Soybean prices are fighting through a similar set of circumstances as corn right now. Harvest pressure and some bearish supply and production data from USDA suppressed prices earlier this week. Even so, stocks remain relatively low and export optimism could bring some upside to the table. Overnight gains were around 0.75% heading into Friday’s session, suggesting a round of technical buying today. Several flash sales were reported to various destinations earlier this week, and if more of those materialize, that could also help move the needle in a positive direction.
Prior to USDA’s next export report, out later this morning, analysts think the agency will show soybean sales ranging between 22.0 million and 52.2 million bushels for the week ending October 7. Analysts also think USDA will show soymeal sales ranging be-tween 100,000 and 340,000 metric tons, plus up to 40,000 MT of soyoil sales.
Yesterday, soybean basis bids eased a penny lower at an Illinois river terminal while firming 4 cents at an Iowa river terminal and holding steady elsewhere across the central U.S.
Grain prices have had a wild ride so far in 2021 – from a significant swing higher earlier this year to the latest downturn. Naomi Blohm, senior market adviser with Stewart Peterson, looks at eight charts that better explain the ongoing situation in the latest Ag Marketing IQ blog – click here to learn more.
In another recent Ag Marketing IQ blog, Matthew Kruse, president of Commstock Investments, took a closer look at some headlines and technical signals that have been affecting soybean prices. Exports are ramping up, but moving averages have been dismal. Kruse explains in much greater detail here.
The preliminary report from CBOT showed daily futures volume at 264,074, and open interest fell by 8,481. Options volume moved to 48,966 and moderately favors calls (28,709) over puts (20,257) at this time. Implied volatility in near-the-money November contracts moved to 16.1% with just 7 more days until expiration.
Vegetable oil markets in Asia saw November soybean oil futures in China improving to 70.1 cents. Oilseed markets internationally were mixed but mostly lower today. November soybean futures in China dropped to $25.63. November Winnipeg canola contracts slid slightly lower, to $16.69, after adjustments for volumes and currencies.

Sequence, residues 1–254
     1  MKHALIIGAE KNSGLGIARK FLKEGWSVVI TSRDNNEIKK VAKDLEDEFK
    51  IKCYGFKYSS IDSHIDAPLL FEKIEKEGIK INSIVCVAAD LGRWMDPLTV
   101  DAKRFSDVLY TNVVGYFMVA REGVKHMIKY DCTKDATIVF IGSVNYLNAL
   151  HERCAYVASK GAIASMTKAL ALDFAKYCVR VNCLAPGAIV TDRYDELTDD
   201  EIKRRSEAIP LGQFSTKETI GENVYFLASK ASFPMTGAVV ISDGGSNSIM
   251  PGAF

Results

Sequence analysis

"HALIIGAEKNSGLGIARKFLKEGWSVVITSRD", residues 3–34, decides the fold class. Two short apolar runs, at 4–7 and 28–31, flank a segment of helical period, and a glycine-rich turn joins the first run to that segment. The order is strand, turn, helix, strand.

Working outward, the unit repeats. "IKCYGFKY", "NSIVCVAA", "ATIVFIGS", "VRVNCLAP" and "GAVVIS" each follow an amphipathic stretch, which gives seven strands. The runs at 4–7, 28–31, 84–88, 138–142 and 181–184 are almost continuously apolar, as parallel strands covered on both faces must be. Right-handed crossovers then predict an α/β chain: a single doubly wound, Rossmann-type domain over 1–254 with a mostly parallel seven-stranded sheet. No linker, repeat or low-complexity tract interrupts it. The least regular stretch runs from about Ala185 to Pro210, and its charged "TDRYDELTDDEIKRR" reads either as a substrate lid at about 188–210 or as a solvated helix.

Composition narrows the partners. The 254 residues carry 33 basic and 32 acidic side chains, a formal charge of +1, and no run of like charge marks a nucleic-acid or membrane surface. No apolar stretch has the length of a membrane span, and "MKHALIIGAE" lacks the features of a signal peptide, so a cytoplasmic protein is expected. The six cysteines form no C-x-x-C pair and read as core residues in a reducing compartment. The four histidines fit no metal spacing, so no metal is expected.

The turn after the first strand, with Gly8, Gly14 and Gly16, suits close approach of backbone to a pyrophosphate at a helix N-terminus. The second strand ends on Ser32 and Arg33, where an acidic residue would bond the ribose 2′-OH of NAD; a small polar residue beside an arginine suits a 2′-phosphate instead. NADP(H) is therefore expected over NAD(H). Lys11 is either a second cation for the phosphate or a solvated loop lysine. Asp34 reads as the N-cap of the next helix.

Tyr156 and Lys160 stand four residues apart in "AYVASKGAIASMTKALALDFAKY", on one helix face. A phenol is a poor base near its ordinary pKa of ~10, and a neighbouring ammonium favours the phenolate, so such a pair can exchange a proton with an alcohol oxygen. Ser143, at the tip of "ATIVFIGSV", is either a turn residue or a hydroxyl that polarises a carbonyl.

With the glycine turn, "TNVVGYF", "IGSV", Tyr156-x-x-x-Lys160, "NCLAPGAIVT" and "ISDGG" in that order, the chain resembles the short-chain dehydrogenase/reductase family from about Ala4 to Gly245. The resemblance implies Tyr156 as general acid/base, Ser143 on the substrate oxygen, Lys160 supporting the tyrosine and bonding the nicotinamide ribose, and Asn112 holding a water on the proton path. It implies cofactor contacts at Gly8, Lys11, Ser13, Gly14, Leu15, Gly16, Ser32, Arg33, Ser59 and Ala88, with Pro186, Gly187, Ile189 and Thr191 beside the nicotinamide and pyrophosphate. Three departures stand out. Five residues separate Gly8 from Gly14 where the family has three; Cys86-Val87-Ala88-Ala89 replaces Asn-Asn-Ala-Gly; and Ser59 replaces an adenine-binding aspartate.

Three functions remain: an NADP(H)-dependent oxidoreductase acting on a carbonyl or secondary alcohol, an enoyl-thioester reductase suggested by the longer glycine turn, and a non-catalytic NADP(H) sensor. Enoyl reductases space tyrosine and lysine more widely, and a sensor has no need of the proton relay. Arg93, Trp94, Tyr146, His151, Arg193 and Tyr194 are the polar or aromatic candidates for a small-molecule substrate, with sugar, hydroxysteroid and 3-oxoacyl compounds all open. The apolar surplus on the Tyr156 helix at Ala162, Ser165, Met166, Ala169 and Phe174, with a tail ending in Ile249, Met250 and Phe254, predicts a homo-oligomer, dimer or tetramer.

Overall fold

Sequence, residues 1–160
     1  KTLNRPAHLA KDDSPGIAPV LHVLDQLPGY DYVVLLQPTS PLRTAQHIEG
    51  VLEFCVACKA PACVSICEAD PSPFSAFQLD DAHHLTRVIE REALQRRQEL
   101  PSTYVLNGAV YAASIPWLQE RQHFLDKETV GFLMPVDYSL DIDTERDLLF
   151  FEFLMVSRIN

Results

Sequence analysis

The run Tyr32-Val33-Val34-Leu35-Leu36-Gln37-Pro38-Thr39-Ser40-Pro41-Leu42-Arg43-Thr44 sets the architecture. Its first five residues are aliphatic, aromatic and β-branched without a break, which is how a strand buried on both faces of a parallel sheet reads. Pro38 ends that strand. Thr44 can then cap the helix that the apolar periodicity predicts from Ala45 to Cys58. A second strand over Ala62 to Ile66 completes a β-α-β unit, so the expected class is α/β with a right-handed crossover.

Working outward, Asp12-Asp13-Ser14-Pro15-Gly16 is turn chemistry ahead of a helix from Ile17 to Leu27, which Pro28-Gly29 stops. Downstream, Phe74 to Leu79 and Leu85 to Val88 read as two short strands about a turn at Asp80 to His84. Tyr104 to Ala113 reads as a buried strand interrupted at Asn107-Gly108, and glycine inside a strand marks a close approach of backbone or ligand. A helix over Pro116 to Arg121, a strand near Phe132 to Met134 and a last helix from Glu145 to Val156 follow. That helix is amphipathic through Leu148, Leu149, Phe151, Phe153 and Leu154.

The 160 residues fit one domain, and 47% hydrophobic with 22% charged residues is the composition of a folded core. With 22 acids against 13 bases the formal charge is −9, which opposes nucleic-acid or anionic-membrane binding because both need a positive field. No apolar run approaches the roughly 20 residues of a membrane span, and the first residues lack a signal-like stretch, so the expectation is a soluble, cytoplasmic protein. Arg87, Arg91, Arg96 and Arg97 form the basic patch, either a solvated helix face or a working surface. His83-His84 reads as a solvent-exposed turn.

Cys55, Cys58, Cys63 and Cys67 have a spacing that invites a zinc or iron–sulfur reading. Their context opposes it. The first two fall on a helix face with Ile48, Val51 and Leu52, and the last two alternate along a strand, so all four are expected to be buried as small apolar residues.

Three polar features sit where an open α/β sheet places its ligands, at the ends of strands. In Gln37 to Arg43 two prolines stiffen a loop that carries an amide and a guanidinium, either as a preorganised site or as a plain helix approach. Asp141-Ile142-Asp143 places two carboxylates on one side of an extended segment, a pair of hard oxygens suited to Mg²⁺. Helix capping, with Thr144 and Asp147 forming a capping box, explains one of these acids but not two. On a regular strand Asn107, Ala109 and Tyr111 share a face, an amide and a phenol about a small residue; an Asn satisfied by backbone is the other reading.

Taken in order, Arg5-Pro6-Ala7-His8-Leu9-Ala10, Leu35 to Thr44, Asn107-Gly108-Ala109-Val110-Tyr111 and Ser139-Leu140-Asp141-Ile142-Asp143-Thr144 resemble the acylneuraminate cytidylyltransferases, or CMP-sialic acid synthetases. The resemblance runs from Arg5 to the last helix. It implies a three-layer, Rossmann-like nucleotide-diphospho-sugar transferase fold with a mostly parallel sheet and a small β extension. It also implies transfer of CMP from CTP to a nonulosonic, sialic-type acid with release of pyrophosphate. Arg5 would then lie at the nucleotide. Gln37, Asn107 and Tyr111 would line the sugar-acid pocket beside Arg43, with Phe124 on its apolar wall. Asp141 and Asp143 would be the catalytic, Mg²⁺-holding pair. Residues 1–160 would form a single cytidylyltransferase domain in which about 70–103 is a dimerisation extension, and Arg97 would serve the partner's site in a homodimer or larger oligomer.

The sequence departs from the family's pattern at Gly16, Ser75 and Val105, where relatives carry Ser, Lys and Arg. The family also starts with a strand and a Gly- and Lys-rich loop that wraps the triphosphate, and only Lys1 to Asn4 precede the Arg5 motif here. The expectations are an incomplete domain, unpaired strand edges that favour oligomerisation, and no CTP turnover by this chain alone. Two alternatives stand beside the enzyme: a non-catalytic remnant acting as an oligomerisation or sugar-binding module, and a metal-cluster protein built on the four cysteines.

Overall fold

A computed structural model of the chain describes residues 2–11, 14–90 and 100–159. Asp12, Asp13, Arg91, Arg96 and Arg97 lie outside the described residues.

Wheat prices stumbled some this week but remain in relatively good shape after reaching multiyear highs earlier in 2021 and remaining somewhat close to those levels. Overnight trading suggests prices will firm again on Friday, with gains for most contracts heading into today’s session ranging between 0.75% and 1.5%.
Ahead of USDA’s export report out later this morning, analysts expect the agency to show wheat sales ranging between 9.2 million and 19.1 million bushels for the week ending October 7.
China is planning to auction around 3.7 million bushels of its state wheat reserves on October 20, and will likely begin to draw down its state stockpile in a series of similar auctions later this fall. The country’s 2021/22 domestic production could reach 1.323 billion bushels, according to some estimates.
Russia’s wheat exports for the first eight months of 2021 are down 1.6% from last year’s pace, with 709.7 million bushels between January and August. But thanks to better prices versus a year ago, the total value of those exports is up 15% year-over-year.
French farm office FranceAgriMer estimates that 13% of the country’s 2021/22 soft wheat crop has been planted through October 11, up from 4% a week ago. The country’s winter barley crop plantings also moved ahead to 24%, versus 9% last week.
The preliminary report from CBOT showed daily SRW volume at 71,288, with open interest firming by 1,327. Options volume is at 19,501 and slightly favors calls (10,392) over puts (9,109). Implied volatility for December near-the-money options is at 22.8% with another 42 days until expiration.
Volume in HRW wheat moved to 31,803, with open interest inching 84 higher. Options volume is at 5,320 and heavily favors calls (4,484) over puts (836).